Reprinted from Spirituality & Health magazine, June 2005.

People bug me. All kinds of people. Like the guy who takes up two parking spaces for his SUV. Or the kids who toss beer cans along my favorite hiking trail.

I actually feel hateful toward these people. When I think about them, my stomach clenches and my eyes narrow and I feel an ugly surge of, well, hate. It doesn't last that long, and I don't identify with it, yet still, for that one moment when I'm awash in hate's fury, I just want to wring their necks.

Why does this matter? Because I'm a "spiritual teacher." After a successful career as a Hollywood screenwriter and filmmaker, my life fell apart, my heart broke wide open, and now I write books on love and happiness and travel around the country giving talks on how to achieve them. Does that make me a hypocrite? I'll let you decide. But one thing is certain - it makes me a human being.

Human beings love to hate. Even more, they love to judge. While hate is a feeling, judgment is its rationale. We allow ourselves the perverse pleasure of our hatred when we decide that those who elicit it are evil, or some kind of threat, or that they've wronged us. Even when we're not actually in the direct experience of hate, we still thrive on enumerating all the reasons that these people are different from us, less than us.

Of course I've exaggerated. Often, rather than full-blown hatred, it's just annoyance or irritation that accompanies our judgments. That's certainly the case with my personal examples above. But such low-grade judgments can actually be even more toxic than the hate-fueled variety. This is because they're able to proliferate beneath our radar. Not only can we be unaware that they exist, but we may even deny them outright. Sometimes, those of us who pride ourselves on personal growth, who think we're beyond judgment, turn out to be the most judgmental of all.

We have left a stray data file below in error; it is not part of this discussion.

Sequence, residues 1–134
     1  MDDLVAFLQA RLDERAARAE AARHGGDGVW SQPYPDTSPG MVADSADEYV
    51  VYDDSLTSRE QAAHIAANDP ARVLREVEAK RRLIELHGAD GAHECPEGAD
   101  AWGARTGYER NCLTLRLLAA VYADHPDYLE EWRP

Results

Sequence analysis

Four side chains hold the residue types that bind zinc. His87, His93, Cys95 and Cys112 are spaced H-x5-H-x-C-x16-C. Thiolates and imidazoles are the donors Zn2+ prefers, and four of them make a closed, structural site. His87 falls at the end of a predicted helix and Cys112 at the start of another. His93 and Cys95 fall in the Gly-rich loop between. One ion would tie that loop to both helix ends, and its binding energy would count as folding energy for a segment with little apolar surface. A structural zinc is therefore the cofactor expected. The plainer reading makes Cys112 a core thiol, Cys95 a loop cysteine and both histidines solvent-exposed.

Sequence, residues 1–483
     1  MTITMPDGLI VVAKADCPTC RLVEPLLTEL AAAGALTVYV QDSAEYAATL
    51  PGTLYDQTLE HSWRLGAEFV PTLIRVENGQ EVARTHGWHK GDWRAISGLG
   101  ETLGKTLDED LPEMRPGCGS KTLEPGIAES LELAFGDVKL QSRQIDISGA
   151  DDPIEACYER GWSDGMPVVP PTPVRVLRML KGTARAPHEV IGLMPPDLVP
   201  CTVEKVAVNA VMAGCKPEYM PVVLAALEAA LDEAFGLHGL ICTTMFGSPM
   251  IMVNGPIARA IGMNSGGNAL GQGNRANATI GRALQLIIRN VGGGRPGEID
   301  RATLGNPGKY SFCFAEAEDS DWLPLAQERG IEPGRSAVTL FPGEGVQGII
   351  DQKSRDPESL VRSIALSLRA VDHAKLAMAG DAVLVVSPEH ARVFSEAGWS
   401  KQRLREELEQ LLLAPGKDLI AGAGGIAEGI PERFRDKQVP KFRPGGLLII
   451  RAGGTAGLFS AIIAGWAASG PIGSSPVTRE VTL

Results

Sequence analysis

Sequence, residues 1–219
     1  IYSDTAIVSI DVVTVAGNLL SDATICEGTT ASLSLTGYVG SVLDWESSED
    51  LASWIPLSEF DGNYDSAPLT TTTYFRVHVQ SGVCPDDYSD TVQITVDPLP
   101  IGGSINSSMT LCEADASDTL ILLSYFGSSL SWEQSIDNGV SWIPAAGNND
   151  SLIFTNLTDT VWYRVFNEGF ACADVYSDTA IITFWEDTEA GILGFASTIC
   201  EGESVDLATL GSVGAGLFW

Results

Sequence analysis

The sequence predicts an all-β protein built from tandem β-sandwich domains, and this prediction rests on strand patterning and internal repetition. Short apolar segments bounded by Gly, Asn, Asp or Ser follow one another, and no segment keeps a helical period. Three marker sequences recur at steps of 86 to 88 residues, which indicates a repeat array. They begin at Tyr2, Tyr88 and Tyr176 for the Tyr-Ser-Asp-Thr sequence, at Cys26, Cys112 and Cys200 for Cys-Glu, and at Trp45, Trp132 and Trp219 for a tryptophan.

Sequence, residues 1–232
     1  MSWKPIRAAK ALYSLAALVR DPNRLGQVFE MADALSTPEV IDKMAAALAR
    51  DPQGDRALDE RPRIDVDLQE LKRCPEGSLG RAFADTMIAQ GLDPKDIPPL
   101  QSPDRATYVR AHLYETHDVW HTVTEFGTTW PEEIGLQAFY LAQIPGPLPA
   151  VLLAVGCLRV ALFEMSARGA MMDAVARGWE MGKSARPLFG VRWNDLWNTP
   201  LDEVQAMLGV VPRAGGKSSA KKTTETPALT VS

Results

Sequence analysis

The Bible admonishes, "Judge not lest ye be judged." But in my experience, it's impossible not to judge. We all do it, all the time. And it hurts us far more than those we judge. It isolates us, makes us small, and bars us from our spiritual essence.

None of this, however, is a problem. In fact it's a wonderful opportunity. Recognizing our judgments, and working with them skillfully, is how we cultivate compassion. And cultivating compassion is the key to well-being.

An Open and Shut Case

Think of someone you love. Choose a person whose very name brings about an automatic inner smile. Next, invite all the emotions and sensations associated with this person to fill you up completely. Then turn your attention to your body and notice what you feel. Chances are you feel open, flowing, a little more connected to yourself and the world around you. This state of being, which we'll refer to as Expansion, is what allows us to be fully present in any moment or situation. It's also the pathway to our greatest wisdom and creativity.

Now think of someone truly reprehensible. Whether part of your own life or a public figure, make sure this is a person whom you judge harshly. Next, invite all that judgment to fill you up completely. Then turn your attention to your body and notice what you feel.

Chances are you feel scrunched up, shut down, a little less connected to yourself and the world around you. This state of being, which we'll refer to as Contraction, is what limits our presence in any moment or situation. In a contracted state, we're unable to gain access to the breadth and depth of our perspective, or to cultivate peace of mind.

Most of the time, we exist somewhere between the opposing poles of expansion and contraction. But taken together, these two simple exercises point toward an important principle: judgment makes us feel bad. And when we feel bad, it's much harder to be our best.

Caveman Logic

Even if this principle were well understood, it wouldn't be enough to make us surrender our most closely held judgments. That's because there's an instinctive part of our brains that functions in a strictly binary fashion. All it knows is yes/no, good/bad, us/them. Psychologists refer to this aspect of thought as "primitive splitting." When we're expanded, such primitive splitting easily gives way to a more nuanced outlook. But when we're contracted, primitive splitting takes hold of us like a hypnotic trance.

The first key in breaking this trance is awareness. Once we realize the impact of primitive splitting, it becomes natural to regard virtually every judgment with suspicion.

I experienced this firsthand in my early 30s. It was at Thanksgiving dinner, where I became furious with both my parents. In my mind they weren't just bad; they were all bad. This was nothing new, but with a recent understanding of primitive splitting, I was no longer willing to indulge myself. It just didn't feel right anymore to stay up late, nibbling leftovers, dissecting my parents' shortcomings with equally disdainful siblings.